White cabbage can be eaten both raw and cooked. As a food, it provides many nutrients, and as a medicine it is used to treat ulcers and wounds. It also helps with stomach or digestion problems.
From Wikipedia: “Cabbage or headed cabbage (comprising several cultivars of Brassica oleracea) is a leafy green or purple biennial plant, grown as an annual vegetable crop for its dense-leaved heads. It is descended from the wild cabbage, B. oleracea var. oleracea, and is closely related to broccoli and cauliflower (var. botrytis), Brussels sprouts (var. gemmifera) and savoy cabbage (var. sabauda) which are sometimes called cole crops. ...
Cabbages are prepared in many different ways for eating. They can be pickled, fermented for dishes such as sauerkraut, steamed, stewed, sautéed, braised, or eaten raw. Cabbage is a good source of vitamin K, vitamin C and dietary fiber. Contaminated cabbage has been linked to cases of food-borne illness in humans.”
“Cabbage is prepared and consumed in many ways. The simplest options include eating the vegetable raw or steaming it, though many cuisines pickle, stew, sautée or braise cabbage.
Pickling is one of the most popular ways of preserving cabbage, creating dishes such as sauerkraut and kimchi, although kimchi is more often made from Chinese cabbage (B. rapa). Savoy cabbages are usually used in salads, while smooth-leaf types are utilized for both market sales and processing. Bean curd and cabbage is a staple of Chinese cooking, while the British dish bubble and squeak is made primarily with leftover potato and boiled cabbage and eaten with cold meat. ...
The characteristic flavor of cabbage is caused by glucosinolates, a class of sulfur-containing glucosides. Although found throughout the plant, these compounds are concentrated in the highest quantities in the seeds; lesser quantities are found in young vegetative tissue, and they decrease as the tissue ages. Cooked cabbage is often criticized for its pungent, unpleasant odor and taste. These develop when cabbage is overcooked and hydrogen sulfide gas is produced.”
Nutrients and phytochemicals:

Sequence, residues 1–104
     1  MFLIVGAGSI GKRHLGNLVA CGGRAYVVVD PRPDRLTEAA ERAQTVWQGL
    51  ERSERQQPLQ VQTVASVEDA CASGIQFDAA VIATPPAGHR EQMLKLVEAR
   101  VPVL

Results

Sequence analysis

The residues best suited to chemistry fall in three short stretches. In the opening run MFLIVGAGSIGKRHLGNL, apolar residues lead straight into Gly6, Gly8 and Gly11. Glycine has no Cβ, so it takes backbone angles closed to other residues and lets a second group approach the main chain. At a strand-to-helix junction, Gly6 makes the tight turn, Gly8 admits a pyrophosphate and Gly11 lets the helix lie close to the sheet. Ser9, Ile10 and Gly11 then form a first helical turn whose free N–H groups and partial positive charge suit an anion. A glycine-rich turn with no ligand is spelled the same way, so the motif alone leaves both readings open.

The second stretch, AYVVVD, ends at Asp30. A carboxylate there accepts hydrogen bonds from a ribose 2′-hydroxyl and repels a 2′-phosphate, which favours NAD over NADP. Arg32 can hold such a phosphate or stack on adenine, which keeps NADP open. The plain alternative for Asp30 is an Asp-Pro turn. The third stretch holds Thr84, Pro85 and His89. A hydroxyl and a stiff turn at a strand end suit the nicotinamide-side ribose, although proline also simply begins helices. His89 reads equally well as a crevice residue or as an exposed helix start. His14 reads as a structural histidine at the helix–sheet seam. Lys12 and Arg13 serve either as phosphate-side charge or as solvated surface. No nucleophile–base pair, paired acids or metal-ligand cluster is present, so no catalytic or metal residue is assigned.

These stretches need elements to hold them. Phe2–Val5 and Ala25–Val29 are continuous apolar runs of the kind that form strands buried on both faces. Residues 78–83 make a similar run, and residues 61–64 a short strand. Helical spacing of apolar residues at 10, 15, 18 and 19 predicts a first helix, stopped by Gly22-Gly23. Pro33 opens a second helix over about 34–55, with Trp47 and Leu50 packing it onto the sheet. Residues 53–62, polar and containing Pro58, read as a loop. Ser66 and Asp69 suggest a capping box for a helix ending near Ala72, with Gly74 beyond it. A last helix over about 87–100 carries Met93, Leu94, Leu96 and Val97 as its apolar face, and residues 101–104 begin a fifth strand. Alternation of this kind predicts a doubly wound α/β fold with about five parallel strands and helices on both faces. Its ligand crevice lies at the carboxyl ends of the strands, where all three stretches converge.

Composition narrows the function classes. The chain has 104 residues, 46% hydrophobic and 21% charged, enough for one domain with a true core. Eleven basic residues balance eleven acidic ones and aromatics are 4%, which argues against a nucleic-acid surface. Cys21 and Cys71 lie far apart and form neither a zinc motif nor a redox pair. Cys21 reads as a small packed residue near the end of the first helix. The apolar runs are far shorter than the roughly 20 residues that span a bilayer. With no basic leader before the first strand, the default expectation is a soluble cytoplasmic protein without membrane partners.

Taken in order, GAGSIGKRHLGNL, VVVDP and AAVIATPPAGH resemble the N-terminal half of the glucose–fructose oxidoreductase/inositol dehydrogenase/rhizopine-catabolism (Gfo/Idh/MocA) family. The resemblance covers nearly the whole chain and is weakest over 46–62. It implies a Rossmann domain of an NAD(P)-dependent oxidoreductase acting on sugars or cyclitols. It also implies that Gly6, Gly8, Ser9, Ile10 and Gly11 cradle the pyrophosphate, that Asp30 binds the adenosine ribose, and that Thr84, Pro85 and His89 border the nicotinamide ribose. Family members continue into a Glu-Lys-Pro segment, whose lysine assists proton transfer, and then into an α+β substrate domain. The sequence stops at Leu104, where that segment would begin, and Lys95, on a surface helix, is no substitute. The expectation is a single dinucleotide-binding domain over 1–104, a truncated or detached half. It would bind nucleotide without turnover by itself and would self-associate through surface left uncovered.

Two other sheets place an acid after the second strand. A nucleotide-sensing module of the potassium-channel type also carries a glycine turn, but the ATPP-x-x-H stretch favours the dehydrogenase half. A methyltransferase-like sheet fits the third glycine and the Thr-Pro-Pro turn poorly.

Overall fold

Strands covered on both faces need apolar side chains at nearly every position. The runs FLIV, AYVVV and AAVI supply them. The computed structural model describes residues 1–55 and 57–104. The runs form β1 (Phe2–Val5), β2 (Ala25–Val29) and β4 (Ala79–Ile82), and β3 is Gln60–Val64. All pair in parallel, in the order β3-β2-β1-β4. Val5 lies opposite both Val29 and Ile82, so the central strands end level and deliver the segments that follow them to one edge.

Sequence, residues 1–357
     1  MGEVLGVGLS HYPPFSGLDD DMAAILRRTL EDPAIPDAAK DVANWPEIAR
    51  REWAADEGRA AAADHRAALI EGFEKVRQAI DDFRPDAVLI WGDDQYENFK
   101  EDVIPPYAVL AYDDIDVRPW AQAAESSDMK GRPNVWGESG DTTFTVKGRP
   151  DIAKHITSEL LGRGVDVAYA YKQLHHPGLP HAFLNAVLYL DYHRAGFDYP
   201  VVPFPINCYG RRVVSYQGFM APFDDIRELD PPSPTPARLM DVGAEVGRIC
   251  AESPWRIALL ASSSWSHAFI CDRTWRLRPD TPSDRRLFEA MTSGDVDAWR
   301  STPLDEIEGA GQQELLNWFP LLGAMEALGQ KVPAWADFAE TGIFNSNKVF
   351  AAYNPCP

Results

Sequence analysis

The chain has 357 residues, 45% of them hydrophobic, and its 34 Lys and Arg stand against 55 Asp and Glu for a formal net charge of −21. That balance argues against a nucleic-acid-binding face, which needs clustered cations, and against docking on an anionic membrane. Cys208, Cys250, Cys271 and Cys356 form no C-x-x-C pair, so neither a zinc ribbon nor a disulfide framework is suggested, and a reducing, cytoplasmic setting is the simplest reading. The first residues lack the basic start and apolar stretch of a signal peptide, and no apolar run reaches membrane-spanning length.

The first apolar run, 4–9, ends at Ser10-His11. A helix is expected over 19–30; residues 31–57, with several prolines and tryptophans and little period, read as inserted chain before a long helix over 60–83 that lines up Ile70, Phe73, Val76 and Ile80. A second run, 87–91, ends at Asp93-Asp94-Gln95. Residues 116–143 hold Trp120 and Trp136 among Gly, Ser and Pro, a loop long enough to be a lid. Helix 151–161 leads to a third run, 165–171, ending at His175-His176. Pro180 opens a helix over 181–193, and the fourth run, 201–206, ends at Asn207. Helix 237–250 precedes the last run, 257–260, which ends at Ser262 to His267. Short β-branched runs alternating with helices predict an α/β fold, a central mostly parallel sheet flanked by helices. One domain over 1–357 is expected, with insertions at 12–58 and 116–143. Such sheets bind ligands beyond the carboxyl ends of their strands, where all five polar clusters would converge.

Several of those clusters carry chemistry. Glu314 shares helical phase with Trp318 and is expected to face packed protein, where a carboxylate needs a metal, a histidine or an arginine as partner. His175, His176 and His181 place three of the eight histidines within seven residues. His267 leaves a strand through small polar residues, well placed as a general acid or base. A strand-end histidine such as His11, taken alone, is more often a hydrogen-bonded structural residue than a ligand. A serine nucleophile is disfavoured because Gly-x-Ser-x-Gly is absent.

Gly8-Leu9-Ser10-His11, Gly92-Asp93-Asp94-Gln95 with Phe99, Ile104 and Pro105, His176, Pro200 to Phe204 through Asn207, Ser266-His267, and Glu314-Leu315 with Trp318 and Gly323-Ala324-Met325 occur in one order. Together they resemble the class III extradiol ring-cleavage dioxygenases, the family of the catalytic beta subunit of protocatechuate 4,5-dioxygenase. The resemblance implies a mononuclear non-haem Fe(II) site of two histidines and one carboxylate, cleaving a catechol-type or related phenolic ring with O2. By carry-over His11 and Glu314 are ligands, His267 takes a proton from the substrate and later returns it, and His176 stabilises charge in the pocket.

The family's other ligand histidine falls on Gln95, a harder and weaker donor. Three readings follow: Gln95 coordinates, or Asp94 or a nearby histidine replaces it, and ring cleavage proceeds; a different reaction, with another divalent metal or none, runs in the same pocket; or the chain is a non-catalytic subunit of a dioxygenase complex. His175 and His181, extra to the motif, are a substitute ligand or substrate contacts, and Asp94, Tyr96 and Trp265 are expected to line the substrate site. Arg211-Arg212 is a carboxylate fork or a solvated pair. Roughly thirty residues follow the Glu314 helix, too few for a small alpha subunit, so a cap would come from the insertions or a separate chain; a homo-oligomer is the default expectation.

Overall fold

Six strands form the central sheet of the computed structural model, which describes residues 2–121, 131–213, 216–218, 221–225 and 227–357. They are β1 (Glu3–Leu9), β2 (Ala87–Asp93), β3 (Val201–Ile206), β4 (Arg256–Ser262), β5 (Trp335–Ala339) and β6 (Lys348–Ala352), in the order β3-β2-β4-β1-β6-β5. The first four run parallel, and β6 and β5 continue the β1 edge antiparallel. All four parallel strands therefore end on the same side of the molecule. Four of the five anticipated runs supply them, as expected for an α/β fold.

“Cabbage is a rich source of vitamin C and vitamin K, containing 44% and 72%, respectively, of the Daily Value (DV) per 100 gram amount. Cabbage is also a moderate source (10–19% DV) of vitamin B6 and folate, with no other nutrients having significant content per 100 gram serving.
Basic research on cabbage phytochemicals is ongoing to discern if certain cabbage compounds may affect health or have anti-disease effects. Such compounds include sulforaphane and other glucosinolates which may stimulate the production of detoxifying enzymes during metabolism. Studies suggest that cruciferous vegetables, including cabbage, may have protective effects against colon cancer. Cabbage is a source of indole-3-carbinol, a chemical under basic research for its possible properties.”
“Excessive consumption of cabbage may lead to increased intestinal gas which causes bloating and flatulence due to the trisaccharide raffinose, which the human small intestine cannot digest.”
“The cooling properties of the leaves were used in Britain as a treatment for trench foot in World War I, and as compresses for ulcers and breast abscesses. Accumulated scientific evidence corroborates that cabbage leaf treatment can reduce the pain and hardness of engorged breasts, and increase the duration of breast feeding. Other medicinal uses recorded in European folk medicine include treatments for rheumatism, sore throat, hoarseness, colic, and melancholy. In the United States, cabbage has been used as a hangover cure, to treat abscesses, to prevent sunstroke, or to cool body parts affected by fevers. The leaves have also been used to soothe sore feet and, when tied around a child's neck, to relieve croup. Both mashed cabbage and cabbage juice have been used in poultices to remove boils and treat warts, pneumonia, appendicitis, and ulcers.”
Some sources only delineate three cultivars: savoy, red and white, with spring greens and green cabbage being subsumed into the latter.”
Production and consumption:
“The Food and Agriculture Organization of the United Nations reported that world production of cabbage and other brassicas for 2014 was 71.8 million metric tonnes, with China accounting for 47% of the world total.”
“Cabbage consumption varies widely around the world: Russia has the highest annual per capita consumption at 20 kilograms (44 lb), followed by Belgium at 4.7 kilograms (10 lb), the Netherlands at 4.0 kilograms (8.8 lb), and Spain at 1.9 kilograms (4.2 lb). Americans consume 3.9 kilograms (8.6 lb) annually per capita.”
“It is a multi-layered vegetable. Under conditions of long sunlit days such as are found at high northern latitudes in summer, cabbages can grow much larger.”